The Long-Term Implications of the Increase in Mental Health Disorders During the COVID-19 Pandemic

COVID-19 Mental health

The COVID-19 pandemic has proved devastating to health globally and domestically. More than 6.5 million people have died from the pandemic worldwide, with about 630 million cumulative cases. In the United States, more than 1 million people have died, with nearly 100 million cases. The US has had substantially more deaths from COVID-19 than any other country. In addition to deaths directly attributable to COVID-19, the pandemic has been associated with an increase in a range of other physical conditions, both as a direct result of COVID-19 and as an indirect consequence of the limited attention to health and greater exposure to stressors during the pandemic. For example, there has been an increased risk in cardiovascular disease in the aftermath of even mild COVID-19 infection.1  In addition, heart disease rose during the early days of COVID-19, reversing a trend of declining heart disease rates over the previous 5 years. The cumulative impact of COVID-19-related deaths and deaths due to other diseases during the pandemic have resulted in an unprecedented decrease in US life expectancy.  This sets national health achievement back many years, and the extent to which national health can recover post-COVID-19 depends, in no small part, on recovery from conditions that were worsened during COVID-19.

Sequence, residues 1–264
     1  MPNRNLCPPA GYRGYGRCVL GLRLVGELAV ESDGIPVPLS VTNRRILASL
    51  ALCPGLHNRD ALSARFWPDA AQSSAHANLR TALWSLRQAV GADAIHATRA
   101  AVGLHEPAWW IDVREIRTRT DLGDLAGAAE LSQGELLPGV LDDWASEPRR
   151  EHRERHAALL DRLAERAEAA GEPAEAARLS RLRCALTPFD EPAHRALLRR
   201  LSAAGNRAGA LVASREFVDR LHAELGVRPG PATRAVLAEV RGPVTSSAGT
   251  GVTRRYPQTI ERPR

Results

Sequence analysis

Perhaps central to the resolution of the health challenges that emerged during COVID-19 shall be the trajectory of mental health disorders that increased during the pandemic. COVID-19 was a traumatic event, one that caused psychological distress and threat to physical harm, positioning it as a cause of poor mental health. It is, therefore, not surprising that there is abundant evidence that mental health disorders across the spectrum of disorders increased during the pandemic.2  The earliest days of the pandemic, with its origins in Wuhan, China, were accompanied by an increase in depression3 among persons in the area. Subsequently, work in a range of countries, including the United States, showed that mood and anxiety disorders increased by a factor of two- to three-fold during the pandemic4, and stayed elevated during the first two years following the start of the pandemic.5  The World Health Organization estimated a 25% global increase in the prevalence of depression and anxiety. Consistent with this observation, a global systematic review6 documented more than 50 million more cases of depression and more than 75 million more cases of anxiety worldwide. It shall fall to future longitudinal research to document the trajectory of this burden of mental illness due to COVID-19, although prior research7 would suggest that these levels of poor mental health will remain elevated for many years to come.  This increase in mental health burden, and the anticipated persistence of at least some amount of this burden over many years, suggests important implications for the course of health overall in the years when the world is navigating past the COVID-19 pandemic. Four considerations rise to the forefront.